By Greg O'Brien
IN THE AFTERMATH of 9/11, Americans have been led to believe that homeland security in the Northeast has improved, that our ability to intercept threatening airplanes and protect against hostile threats at sea is getting better. But if you look closely at what the Bush administration has been trying to do to the Massachusetts Military Reservation and Otis Air National Guard Base on Cape Cod, there is cause for great alarm.
Concerns were raised locally in May 2005, when the Bush administration tried to close Otis, relocate its acclaimed 102nd Fighter Wing, and put in limbo the Coast Guard's Air Station Cape Cod, with responsibility from New Jersey to the Canadian border for critical search-and-rescue missions, port security, marine safety and enforcing new stricter regulations designed to preserve the depleted New England fishery.
The Otis Air National Guard is the front line of America's homeland security; its fleet of 18 F-15 fighter jets is charged with intercepting hostile aircraft penetrating U.S. airspace. On Sept. 11, 2001, two F-15s from Otis came within minutes of cutting off the two planes that were flown into the World Trade Centers.
While Bay State officials won the fight to keep the Otis open, the government's Base Realignment Commission (BRAC) voted to relocate the first-alert, border patrol fighter wing jets 100 miles inland to a small, municipal airport in Westfield, Mass., and much of the funding that goes with it. Got ya covered, right? It makes about as much sense as moving the key U.S.-Mexico checkpoint in Nogales, Ariz., two hours north to Tucson.
The BRAC no doubt tossed a weighty monkey wrench into Otis, and never resolved who would pay to continue operating the base or how Air Station Cape Cod would survive. The National Guard over the years has footed the $17 million annual freight of operating the base for all the military tenants - providing a necessary lifeline to an anemic Coast Guard budget swamped with other costs.
Regrettably, five years after the World Trade Center attacks and now in the wake of stepped up homeland-defense duties for the Coast Guard, many officials in Washington still don't get it: Otis Air National Guard Base and Air Station Cape Cod, one of the largest Coast Guard contingents in the country with its seven commands, are fundamental to the nation's safety and security.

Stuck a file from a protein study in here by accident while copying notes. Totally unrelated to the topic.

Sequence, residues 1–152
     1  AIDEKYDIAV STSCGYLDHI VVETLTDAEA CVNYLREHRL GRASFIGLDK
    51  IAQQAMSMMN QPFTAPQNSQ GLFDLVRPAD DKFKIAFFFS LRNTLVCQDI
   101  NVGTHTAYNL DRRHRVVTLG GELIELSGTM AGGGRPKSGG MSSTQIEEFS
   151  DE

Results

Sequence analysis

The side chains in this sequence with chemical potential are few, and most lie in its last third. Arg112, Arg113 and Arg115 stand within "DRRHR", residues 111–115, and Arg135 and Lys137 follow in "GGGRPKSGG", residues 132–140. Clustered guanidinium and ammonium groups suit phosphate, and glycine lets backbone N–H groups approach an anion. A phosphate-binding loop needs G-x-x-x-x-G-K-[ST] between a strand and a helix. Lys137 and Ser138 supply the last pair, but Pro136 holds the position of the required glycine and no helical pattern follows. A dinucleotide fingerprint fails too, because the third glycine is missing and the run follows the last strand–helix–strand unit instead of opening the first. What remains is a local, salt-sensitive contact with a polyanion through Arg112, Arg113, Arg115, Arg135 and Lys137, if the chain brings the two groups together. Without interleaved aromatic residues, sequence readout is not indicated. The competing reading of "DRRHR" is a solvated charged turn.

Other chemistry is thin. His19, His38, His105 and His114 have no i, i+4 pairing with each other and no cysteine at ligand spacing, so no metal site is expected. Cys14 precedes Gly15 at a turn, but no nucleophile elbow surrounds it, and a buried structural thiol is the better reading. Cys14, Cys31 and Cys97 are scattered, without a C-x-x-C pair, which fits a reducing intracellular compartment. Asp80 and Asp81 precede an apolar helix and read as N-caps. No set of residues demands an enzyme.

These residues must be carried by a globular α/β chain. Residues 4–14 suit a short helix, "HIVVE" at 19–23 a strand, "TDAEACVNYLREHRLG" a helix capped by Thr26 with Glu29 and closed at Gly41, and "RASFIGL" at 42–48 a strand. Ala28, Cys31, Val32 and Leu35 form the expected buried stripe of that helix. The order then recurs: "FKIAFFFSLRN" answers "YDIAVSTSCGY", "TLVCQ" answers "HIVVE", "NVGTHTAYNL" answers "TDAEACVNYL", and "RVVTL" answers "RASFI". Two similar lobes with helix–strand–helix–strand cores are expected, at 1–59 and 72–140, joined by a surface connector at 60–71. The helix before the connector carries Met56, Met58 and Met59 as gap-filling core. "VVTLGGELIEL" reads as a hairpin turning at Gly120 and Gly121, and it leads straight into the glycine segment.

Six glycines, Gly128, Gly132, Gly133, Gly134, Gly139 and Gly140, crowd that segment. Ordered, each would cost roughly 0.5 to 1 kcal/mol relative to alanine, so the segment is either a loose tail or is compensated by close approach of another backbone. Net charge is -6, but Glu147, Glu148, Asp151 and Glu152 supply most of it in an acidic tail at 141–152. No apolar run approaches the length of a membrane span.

"Its location here is vital," Sen. Edward Kennedy has said, noting the BRAC analysis "did not take into consideration the relocation's impact on Coast Guard operations, especially the 300 search-and-rescue missions they fly every year."
"To ignore this fact is to ignore reality," added U.S. Rep. William Delahunt, D.-Mass., of the 10th Congressional District, representing the Cape. "In the aftermath of 9/11, it made absolutely no sense to put this base at risk."
And for what? Relocating the jets of the 102nd Fighter Wing next year will deplete vital Otis operations dollars, while forcing taxpayers to ante up $40 million to $50 million in added costs for buildings and facilities to support new missions at Westfield's Barnes Municipal Airport and replacement missions for Guard units at Otis.
"The BRAC process is supposed to save money, but the exact opposite has happened: Our Coast Guard, National Guard and the State of Massachusetts were all stuck with a huge bill," Delahunt noted.
Christmas, or the promise of it, came early this year to Air Station Cape Cod, with Delahunt and Kennedy brokering a behind-the-scenes financial agreement that will at least guarantee the Coast Guard's continued presence on the base, with its fleet of Falcon jets and Jayhawk rescue helicopters.
Announced Dec. 22, an agreement among the Coast Guard, National Guard and the State of Massachusetts creates the Massachusetts Military Reservation Installation Partnership and calls for the Coast Guard to assume control of the aviation facilities from the Air Force. Under the terms of the agreement, the Coast Guard will now take responsibility for operating the runways and taxiways, the Air National Guard will manage the electricity, water, sewerage and other utilities, and the state will fund the emergency services and fire protection.
"While the agreement is an important milestone, the base is still on life support," cautions Delahunt chief aide Mark Forest, who has worked in the 10th District as a friend to the Coast Guard since signing on in 1984 with the late Congressman Gerry Studds.
The Coast Guard's added operational expense is anticipated to exceed $6 million annually, an expenditure that must be funded by a Congress weighed down today with a budget deficit bleeding the nation and unpopular war in Iraq that is costing $2 billion a week.
Delahunt, however, is hopeful that a Democrat-controlled Congress, generally more supportive of Coast Guard initiatives, will approve the required funds for operating Air Station Cape Cod, established in 1970 and credited with some of the most dramatic air and sea rescues in this country's history.
Indeed, the future of Air Station Cape Cod and Otis Air National Guard Base (also an alternate landing site for NASA space shuttle missions) is as promising as it is tenuous. "While we have a financial agreement in place, much more work needs to be done to guarantee the future of this vital center for homeland security in the Northeast," said Delahunt.
"Who would have thought that after 9/11, after Katrina, and given all that the Coast Guard and people at Otis have done, that we'd have to deal with such a battle. We are determined to win this fight. Too much is at stake. The future of New England's premier homeland defense installation is still at risk."